Maitreya stands with one hand against his hip and the other doing the varada mudra (gesture of generosity), bedecked with princely jewellery inlaid with turquoise, an antelope skin knotted across his chest, the head resting over his left shoulder. This iconography is similar to Avalokiteshvara’s but the stupa on his head identify this bodhisattva as Maitreya. He wears a richly incised dhoti longer on one side typical of (11th century circa) Western Tibet and a thin copper-inlaid celestial scarf.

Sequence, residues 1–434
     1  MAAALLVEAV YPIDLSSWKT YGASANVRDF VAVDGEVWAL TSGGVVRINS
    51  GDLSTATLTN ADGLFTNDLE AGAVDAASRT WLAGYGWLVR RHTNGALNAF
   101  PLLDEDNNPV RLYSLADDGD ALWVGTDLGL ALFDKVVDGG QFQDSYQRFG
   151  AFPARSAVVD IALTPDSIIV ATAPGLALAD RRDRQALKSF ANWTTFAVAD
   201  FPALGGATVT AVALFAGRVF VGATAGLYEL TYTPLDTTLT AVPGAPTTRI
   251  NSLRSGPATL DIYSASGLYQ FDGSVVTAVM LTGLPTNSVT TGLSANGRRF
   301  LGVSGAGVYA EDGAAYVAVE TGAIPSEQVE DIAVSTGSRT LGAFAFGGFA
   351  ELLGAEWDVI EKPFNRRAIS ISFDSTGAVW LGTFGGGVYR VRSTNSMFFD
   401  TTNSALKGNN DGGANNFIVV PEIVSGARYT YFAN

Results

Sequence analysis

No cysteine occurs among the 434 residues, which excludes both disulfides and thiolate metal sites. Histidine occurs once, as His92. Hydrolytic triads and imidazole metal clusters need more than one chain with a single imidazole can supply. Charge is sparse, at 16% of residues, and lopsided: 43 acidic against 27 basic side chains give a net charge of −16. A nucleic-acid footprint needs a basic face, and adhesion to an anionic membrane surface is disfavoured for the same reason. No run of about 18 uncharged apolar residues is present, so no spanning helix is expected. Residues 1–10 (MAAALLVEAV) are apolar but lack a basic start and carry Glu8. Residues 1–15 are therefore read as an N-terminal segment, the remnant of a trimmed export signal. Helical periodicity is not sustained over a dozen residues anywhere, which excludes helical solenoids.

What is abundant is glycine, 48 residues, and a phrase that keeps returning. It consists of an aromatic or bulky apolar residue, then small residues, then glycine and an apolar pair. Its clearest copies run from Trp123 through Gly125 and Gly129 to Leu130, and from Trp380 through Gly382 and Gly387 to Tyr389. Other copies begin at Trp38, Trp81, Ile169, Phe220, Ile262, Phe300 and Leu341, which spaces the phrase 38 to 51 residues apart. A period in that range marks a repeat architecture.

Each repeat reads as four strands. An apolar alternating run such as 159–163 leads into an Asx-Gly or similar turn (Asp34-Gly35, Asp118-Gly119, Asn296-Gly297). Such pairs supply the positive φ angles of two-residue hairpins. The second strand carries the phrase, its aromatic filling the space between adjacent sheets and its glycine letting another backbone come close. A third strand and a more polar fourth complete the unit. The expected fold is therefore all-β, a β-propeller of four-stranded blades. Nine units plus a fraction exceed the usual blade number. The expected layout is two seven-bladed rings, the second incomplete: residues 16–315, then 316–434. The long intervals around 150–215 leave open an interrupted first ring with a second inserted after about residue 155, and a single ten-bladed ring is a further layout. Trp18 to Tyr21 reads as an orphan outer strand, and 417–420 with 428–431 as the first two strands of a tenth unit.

This Kashmiri-style sculpture with silver-inlaid eyes, muscly legs, a lobed abdomen, marked knee caps and a small oval face with a pointed nose, may have been made in the former Guge Kingdom.
This Maitreya was probably part of a set of figures attached together. The use of gilt copper and the body proportions and facial features tell us that it was almost certainly made by a Nepalese artist in Tibet. He holds a pot of water in his left hand.
Maitreya does the vitarka mudra with his right hand and holds a pot of water in his lowered left hand.
There is a stupa in his headdress.